In addition to above fibers and curable preceramic polymers, the composites may also contain fillers. Suitable fillers are known in the art and may be exemplified by, but not limited to, powders, whiskers or particulates of metal oxides such as Al2O3, SiO2, silicon carbide, silicon nitride, silicon hexaboride, aluminum nitride, boron nitride, boron carbide, titanium boride, boron, titanium carbide, aluminum nitride and others. The preferred fillers are boron nitride, silicon carbide and silicon nitride. Such fillers are generally included in amounts up to about 65 volume percent based on the volume of the matrix material, preferably from 5 to 50 volume percent.
The composites herein may be produced by polymer impregnation. This process comprises first impregnating the coated fibers with a liquid preceramic mixture comprising the curable preceramic polymer and optionally, fillers. The preceramic mixture can be formed by either a solution or melt route.
In the solution route, the curable preceramic polymer and fillers are mixed in an organic solvent. The preferred solvents are those with a low vaporization point, preferably <125° C., at atmospheric pressure to facilitate removal from the impregnated fibers and those with less than about 1 wt % water. Examples of suitable organic solvents include aliphatic hydrocarbons such as hexane, heptane and others and aromatic hydrocarbons such as benzene, toluene and others. The concentration of curable preceramic polymer in solution can be varied over a wide range with higher concentrations generally resulting in larger amounts of the preceramic polymer impregnating the fiber. Preferably, concentrations in the range of about 20 to about 60 weight percent are employed herein.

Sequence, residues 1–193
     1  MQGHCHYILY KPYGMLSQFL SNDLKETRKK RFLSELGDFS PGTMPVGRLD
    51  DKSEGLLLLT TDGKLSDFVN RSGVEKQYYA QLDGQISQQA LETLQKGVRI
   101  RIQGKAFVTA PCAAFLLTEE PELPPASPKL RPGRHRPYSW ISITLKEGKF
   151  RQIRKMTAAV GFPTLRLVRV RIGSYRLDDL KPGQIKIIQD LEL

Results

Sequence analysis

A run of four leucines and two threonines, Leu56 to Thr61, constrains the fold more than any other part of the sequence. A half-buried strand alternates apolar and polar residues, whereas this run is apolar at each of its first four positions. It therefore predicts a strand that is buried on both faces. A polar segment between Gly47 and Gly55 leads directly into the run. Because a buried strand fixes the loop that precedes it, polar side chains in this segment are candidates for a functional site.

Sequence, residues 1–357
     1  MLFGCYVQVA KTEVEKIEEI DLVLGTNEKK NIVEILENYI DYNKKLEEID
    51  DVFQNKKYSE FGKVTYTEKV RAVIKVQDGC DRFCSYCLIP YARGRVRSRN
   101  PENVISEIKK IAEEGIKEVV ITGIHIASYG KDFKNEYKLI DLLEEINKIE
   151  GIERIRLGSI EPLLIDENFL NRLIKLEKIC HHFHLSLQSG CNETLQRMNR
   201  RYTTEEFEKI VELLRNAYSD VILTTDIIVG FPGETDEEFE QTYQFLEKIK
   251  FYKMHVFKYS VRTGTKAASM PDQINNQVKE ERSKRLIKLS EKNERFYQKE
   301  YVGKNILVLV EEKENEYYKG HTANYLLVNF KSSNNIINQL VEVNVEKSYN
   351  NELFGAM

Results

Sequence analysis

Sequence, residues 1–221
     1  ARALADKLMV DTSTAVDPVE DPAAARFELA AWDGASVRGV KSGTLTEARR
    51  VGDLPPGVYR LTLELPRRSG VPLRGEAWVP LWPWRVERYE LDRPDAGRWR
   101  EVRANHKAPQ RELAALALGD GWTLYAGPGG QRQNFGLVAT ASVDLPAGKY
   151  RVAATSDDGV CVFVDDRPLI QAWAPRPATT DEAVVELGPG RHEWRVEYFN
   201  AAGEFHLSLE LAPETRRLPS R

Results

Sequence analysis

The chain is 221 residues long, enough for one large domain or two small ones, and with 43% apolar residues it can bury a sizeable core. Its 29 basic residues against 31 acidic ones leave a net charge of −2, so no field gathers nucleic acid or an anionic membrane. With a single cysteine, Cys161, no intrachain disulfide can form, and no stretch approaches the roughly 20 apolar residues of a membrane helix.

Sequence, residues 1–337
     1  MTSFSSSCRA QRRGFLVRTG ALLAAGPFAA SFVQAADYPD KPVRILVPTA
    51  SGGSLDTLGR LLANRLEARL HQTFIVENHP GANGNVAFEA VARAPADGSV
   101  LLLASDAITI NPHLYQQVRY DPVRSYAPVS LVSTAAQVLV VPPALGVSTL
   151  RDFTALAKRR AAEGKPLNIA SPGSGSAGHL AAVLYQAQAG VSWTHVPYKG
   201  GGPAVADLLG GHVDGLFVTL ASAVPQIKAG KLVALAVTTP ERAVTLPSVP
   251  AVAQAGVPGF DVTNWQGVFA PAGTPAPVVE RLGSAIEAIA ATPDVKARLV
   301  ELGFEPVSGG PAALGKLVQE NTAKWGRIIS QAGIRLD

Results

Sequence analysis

In the melt route, the curable preceramic polymer is heated to a temperature above its melting point yet below its curing temperature in an inert environment. Fillers may also be mixed in the molten polymer if desired.